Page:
Sleep is a delicate process that can easily be interfered with. There are several outside factors that play a part in improving or disrupting sleep, including light from artificial sources and temperature ranges. In this article, we’ll explore how temperature and light mix with sleep, and how you can create the ideal bedroom environment with optimal light and temperature for maximum sleep.
How Temperature and Light Affect Sleep
Our internal clocks are set based on the rising and setting of the sun. This is known as our circadian rhythm, and it’s the basis for why we feel awake and tired and the same times every day. The human race had no issues with sleep schedules until the invention of the light bulb. From then on, our ability to lengthen “daylight” meant the end of easy, natural sleeping. Our bodies produce melatonin as it grows dark outside, and our body slowly eases into sleepiness. But with lights in our houses, as well as light emitted from our mobile devices, our bodies have a hard time determining when it’s truly bedtime.
Temperature also plays a role in our natural process of going to sleep. As our brains produce melatonin, our bodies respond by becoming (on average) a degree or two colder. Scientists have learned that trying to sleep when you’re too hot or cold can be difficult because our bodies crave a certain ideal temperature for sleep. Experts suggest that you keep your room between 60-68 degrees Fahrenheit.
So, as night falls, our brains cue us to feel tired and the body temperature decreases as the metabolism slows. That means it should be easy enough to enjoy a good night’s sleep, yet millions of us don’t. Why not? Scientists point to our love of all things electronic.
What Is “Lux” and How Does It Affect Sleep?
Light is never just “light.” It has lux, lumen, and wavelengths, and each of them can interfere with good sleep. Let’s look at lux and lumen. The latter is “a measurement of light intensity or brightness, also known as radiance, at the source of the light itself.” On the other hand, lux uses lumen values but also looks at the impact that light has on the space around it. To illustrate this, a small nightlight has a specific lumen, but its brightness in the room is its lux. Standard lux readings in a home are around 300-500, but in the evening and during the hours before bed, it should be less than 180. After you turn out your lights, it should not be more than 5.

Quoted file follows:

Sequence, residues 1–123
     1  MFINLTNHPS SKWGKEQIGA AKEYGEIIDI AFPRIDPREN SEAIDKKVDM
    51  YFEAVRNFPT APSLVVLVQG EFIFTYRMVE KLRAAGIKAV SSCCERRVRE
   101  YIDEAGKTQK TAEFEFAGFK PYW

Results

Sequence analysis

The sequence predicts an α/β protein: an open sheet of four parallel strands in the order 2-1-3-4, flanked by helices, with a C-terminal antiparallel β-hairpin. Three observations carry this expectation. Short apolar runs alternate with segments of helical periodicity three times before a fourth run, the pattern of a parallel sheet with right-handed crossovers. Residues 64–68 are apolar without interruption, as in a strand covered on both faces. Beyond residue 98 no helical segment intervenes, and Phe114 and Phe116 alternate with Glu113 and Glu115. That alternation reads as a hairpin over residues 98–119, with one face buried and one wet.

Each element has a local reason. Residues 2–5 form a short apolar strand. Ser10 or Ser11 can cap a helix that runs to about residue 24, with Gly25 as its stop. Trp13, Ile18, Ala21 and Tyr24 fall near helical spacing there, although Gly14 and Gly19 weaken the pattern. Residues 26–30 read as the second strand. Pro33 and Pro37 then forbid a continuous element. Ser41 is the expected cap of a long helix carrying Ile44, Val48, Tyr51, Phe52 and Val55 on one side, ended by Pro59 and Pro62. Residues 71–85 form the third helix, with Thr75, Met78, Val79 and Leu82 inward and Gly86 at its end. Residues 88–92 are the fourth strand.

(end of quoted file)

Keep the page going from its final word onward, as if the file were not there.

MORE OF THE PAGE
There are also wavelengths in light, and blue wavelengths, in particular, can pose a problem.
Blue Light and Bedtime
Blue light, according to Harvard Medical School, “is beneficial during daylight hours because they boost attention, reaction times, and mood—seem to be the most disruptive at night…While light of any kind can suppress the secretion of melatonin, blue light at night does so more powerfully.”
The big question is why, and the answer is not surprising. If it nurtures alertness, it makes sense that blue light might interfere with melatonin (that brain chemical responsible for making us feel tired at night). It does just that, and because our smartphones and devices emit blue light, it’s getting harder to avoid.
Fortunately, there are a few ways you can avoid the problems associated with blue light. There are blue light filters on the latest smartphones and various apps that have downloadable filters as well. The best way to steer clear of this harmful light is to turn off all electronics at least one hour before bedtime. This will also help relax you and get you ready to unwind before sleep.
Between finding the right temperature for your room and blocking all artificial and blue lights at bedtime, it’s a lot to remember. But with all the benefits these changes offer, it’s worth taking the time to make these small updates.